Before starting this tutorial, you should have a basic understanding of HTML, CSS, and JavaScript. Additionally, you will need a code editor such as Visual Studio Code or Sublime Text to write and save your code.

Source Code

Step 1 (HTML Code):

To get started, we will first need to create a basic HTML file. In this file, we will include the main structure for our CRUD application.

After creating the files just paste the following codes into your file. Make sure to save your HTML document with a .html extension, so that it can be properly viewed in a web browser.

The below code is an HTML document that contains a web page that allows users to perform CRUD (Create, Read, Update, Delete) operations on a list of data.

The code defines the structure and content of the web page using various HTML elements such as headings, input fields, buttons, tables, and div containers. It also includes a link to an external CSS file named "styles.css" that defines the visual style of the web page.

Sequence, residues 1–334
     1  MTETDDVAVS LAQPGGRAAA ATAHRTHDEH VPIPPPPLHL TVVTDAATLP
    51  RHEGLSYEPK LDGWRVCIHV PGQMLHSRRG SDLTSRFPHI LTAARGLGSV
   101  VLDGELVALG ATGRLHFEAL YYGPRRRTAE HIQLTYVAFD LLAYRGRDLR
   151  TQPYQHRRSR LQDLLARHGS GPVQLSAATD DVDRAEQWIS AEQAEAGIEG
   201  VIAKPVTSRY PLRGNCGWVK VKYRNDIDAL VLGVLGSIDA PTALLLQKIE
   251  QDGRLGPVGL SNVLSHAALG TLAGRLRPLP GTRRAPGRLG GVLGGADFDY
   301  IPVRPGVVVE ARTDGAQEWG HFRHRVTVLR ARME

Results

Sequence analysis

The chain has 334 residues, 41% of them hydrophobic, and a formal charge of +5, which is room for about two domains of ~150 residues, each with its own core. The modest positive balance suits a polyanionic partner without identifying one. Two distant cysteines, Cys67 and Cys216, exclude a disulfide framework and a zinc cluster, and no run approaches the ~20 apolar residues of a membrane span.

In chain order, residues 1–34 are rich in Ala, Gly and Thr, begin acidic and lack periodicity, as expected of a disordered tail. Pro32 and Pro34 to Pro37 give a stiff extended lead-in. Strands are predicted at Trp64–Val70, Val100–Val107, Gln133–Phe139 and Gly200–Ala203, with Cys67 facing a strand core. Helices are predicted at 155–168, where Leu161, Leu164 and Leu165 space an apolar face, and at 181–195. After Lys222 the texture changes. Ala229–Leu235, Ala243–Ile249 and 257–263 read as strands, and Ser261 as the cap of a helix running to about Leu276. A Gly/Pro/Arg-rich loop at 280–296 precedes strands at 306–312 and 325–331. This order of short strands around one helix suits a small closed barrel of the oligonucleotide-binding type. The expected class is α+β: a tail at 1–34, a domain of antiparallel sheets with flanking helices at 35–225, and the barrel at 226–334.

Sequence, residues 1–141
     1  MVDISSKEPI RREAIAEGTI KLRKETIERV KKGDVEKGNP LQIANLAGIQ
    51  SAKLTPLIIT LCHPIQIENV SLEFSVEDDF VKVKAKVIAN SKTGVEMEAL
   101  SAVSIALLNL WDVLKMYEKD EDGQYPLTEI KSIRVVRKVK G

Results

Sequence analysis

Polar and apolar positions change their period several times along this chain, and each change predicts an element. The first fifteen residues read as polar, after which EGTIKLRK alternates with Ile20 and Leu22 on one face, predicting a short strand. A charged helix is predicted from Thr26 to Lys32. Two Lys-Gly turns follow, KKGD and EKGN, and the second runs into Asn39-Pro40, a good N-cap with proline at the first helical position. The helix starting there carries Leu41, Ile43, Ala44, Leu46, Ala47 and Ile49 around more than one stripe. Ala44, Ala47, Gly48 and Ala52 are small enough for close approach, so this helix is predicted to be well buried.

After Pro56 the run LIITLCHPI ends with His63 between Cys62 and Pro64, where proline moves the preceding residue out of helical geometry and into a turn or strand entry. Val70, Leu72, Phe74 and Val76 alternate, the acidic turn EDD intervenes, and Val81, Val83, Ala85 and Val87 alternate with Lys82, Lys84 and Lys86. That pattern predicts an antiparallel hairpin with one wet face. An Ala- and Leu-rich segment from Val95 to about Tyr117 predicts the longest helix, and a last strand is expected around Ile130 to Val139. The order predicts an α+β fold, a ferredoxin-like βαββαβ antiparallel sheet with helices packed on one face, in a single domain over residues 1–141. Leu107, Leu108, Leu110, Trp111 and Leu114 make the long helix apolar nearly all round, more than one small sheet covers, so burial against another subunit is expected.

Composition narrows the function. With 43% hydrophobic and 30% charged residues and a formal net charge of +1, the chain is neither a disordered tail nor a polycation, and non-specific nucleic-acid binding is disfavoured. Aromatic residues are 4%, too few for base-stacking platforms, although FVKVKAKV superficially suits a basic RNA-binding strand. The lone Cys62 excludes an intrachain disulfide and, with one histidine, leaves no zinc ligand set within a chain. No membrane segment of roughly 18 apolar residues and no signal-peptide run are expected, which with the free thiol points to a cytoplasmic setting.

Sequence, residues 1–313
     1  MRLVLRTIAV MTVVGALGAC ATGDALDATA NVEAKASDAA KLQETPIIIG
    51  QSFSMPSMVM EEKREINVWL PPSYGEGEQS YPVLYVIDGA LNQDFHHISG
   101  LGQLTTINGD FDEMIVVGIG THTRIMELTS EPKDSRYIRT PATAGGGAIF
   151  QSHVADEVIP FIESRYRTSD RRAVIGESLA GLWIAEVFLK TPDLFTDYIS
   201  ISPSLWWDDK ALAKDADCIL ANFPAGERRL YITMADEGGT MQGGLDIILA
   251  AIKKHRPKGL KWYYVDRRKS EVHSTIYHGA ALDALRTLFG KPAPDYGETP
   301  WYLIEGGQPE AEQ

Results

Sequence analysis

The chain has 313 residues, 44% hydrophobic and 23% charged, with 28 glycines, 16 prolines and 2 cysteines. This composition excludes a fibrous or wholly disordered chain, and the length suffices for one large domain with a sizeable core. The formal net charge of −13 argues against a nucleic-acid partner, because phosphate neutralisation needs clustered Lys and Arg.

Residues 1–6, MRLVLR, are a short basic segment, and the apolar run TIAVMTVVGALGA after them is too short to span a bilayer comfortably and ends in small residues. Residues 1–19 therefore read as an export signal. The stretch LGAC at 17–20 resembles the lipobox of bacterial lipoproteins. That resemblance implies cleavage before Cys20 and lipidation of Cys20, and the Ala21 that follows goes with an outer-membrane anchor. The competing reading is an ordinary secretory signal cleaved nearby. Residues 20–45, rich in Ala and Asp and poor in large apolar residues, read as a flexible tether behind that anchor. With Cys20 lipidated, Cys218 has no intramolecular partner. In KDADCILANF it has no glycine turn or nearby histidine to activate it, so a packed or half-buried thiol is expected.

The web page has a header with the title "CRUD Operations" and a container that holds the input fields for adding new data, a table that displays the existing data, and a container for updating data. The table has three columns for the name, email, and actions of each item in the data list.

Users can add new data by entering a name and email address in the input fields and clicking the "Add" button. The data is then displayed in a new row in the table. Users can also update or delete existing data by clicking the corresponding buttons in the "Actions" column of the table.

The "update-container" div is initially hidden, but it appears when the user clicks the "Edit" button in the "Actions" column. The user can then modify the data in the input fields and click the "Update" button to save the changes or the "Cancel" button to discard them.